Here is the obligatory spoiler alert!

What’s Good About It

The standout element is actually the performances of both Woody Harrelson and Matthew McConaughey, followed by the script and direction. The directing is notable in that is one person doing all 8 episodes of season 1 and and the consistency is noticeable when compared to something like ‘House of Cards’ where they had a bunch of different directors handling different episodes.

A lot of the philosophical issues being brought up by McConaughey’s character Rust are very germane not only to the events in the script but to the wider world that encompasses the viewer. The film also harks back to the horror episodes of ‘The X-Files’ while not being as arcane.

What’s Bad About It

Sometimes I felt that I wasn’t all that interested in Woody Harrelson’s character Marty and his impulses towards infidelity. Something has to be there, but half the time it seemed the sexcapades were pretty gratuitous and there to make up HBO’s quota for T & A. Marty’s marriage as a topic seems there to fill airtime. You can’t but help feel they might have had a better thing they could have put in there in its stead.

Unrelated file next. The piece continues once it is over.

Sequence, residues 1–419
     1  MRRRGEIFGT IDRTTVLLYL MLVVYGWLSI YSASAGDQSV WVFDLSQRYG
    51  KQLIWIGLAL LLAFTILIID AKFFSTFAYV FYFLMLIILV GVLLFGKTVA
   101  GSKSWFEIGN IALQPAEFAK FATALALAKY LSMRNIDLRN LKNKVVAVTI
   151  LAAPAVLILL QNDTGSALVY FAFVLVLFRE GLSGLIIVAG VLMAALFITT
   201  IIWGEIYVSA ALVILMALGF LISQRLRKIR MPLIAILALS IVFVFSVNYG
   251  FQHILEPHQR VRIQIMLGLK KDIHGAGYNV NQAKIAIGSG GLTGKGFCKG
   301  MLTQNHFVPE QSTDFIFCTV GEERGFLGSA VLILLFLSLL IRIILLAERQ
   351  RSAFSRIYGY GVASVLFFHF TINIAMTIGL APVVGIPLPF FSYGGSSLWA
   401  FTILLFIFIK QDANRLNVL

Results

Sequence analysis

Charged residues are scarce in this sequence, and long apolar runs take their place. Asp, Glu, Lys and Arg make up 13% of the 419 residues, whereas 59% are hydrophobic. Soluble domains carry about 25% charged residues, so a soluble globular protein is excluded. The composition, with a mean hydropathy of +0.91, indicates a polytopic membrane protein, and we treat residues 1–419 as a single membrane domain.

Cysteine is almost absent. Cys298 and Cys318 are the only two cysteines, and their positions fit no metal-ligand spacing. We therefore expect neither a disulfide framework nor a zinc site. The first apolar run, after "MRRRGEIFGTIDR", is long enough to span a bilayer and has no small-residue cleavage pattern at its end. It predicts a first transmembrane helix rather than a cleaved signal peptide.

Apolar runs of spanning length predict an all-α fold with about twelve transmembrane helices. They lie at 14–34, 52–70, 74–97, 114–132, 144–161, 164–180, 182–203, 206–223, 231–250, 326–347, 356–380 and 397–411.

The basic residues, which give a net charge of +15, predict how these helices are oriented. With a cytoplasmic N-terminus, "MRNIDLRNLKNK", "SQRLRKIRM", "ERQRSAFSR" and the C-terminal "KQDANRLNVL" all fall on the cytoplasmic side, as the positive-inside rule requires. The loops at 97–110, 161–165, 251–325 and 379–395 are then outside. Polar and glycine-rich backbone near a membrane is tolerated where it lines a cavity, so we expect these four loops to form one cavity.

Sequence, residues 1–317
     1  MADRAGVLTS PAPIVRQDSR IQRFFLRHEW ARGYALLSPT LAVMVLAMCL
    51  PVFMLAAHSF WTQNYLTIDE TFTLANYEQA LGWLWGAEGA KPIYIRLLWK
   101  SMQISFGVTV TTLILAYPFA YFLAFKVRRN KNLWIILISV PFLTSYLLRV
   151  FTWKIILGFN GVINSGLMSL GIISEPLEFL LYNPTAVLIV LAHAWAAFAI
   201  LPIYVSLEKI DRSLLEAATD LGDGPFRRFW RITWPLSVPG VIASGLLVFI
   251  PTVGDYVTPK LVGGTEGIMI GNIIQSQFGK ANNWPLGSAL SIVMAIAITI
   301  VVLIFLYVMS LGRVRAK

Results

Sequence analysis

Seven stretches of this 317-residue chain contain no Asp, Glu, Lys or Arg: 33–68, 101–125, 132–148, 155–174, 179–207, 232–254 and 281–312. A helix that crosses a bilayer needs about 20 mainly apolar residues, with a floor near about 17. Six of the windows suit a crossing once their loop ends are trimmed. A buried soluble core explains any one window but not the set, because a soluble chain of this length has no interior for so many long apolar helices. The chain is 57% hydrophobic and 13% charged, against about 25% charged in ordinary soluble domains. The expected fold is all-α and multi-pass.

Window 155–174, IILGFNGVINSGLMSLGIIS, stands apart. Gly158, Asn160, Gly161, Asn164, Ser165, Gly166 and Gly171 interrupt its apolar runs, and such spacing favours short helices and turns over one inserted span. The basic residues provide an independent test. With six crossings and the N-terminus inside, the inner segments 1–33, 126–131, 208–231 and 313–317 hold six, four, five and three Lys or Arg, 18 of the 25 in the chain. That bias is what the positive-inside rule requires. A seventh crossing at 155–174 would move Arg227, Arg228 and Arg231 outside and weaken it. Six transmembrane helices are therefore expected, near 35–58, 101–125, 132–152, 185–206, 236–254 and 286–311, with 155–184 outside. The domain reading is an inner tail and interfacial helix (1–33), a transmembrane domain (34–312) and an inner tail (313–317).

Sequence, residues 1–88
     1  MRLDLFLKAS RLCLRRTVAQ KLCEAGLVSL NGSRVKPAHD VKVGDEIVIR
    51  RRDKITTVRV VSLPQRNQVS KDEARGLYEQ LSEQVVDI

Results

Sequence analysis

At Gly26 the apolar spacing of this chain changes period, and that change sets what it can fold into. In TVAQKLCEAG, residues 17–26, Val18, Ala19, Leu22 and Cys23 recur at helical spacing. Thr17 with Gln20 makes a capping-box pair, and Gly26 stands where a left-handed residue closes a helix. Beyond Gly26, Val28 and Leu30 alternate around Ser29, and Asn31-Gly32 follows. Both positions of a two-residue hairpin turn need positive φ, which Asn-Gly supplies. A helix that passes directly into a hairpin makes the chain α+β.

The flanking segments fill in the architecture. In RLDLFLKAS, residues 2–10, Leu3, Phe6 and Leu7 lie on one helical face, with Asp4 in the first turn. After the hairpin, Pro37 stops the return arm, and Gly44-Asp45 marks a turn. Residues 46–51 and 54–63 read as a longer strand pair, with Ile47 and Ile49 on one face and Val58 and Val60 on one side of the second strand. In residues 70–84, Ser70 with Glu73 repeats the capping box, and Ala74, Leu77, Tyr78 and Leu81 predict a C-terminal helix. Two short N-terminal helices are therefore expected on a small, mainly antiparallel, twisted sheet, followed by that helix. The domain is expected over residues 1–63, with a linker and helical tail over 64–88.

What’s Interesting About It

This is an interesting series because it leads you down a path thinking it’s a psychotic serial killer that’s doing the killings and then it becomes clear there’s something about the symbol and cult that is doing the murders as ritual. The evidence is so grisly at some point, the characters are traumatised by the sight of the video and get very angry that they cannot “un-see” what they have seen. It is immediately reminiscent of the world of H.P. Lovecraft’s fiction featuring the Cthulhu mythos and the various evil cults that carry out ritual slayings.

The ambiguity of the cult and whether it is supported by the fictional universe or not is also interesting.  It is not clear for a very long time whether there really is a metaphysical evil to which the sacrifices are made, exists in the fictional universe of these characters. To this end, the show spends a great deal of time with social realism stylings as well as extended speeches by Matthew McConaughey’s character Rust where he gives remonstrations to the effect that the universe is essentially meaningless and there is no benevolent God. indeed, in the early going these speeches are so fantastic you think the series is about the bleak existentialism of this character juxtaposed against the existentially stunted Marty played by Harrelson.

The writers make a good deal out of covering their tracks  as to the metaphysical status of the diagetic space. The unknowability is undercut by several factors. One is the structure of the narrative for the most part involves the two main characters being interviewed by police officers in recalling their version of events. In some instances we are shown the recollection presented is an outright lie, which opens the door to the possibility that what we hear from these characters is definitely not the gospel truth. Half the time you are watching to see if the inconsistencies somehow fractures the narrative to reveal that maybe one of the characters is crazy enough to be the serial killer – It’s that well-covered, most of the time you’re looking at the wrong clues on screen.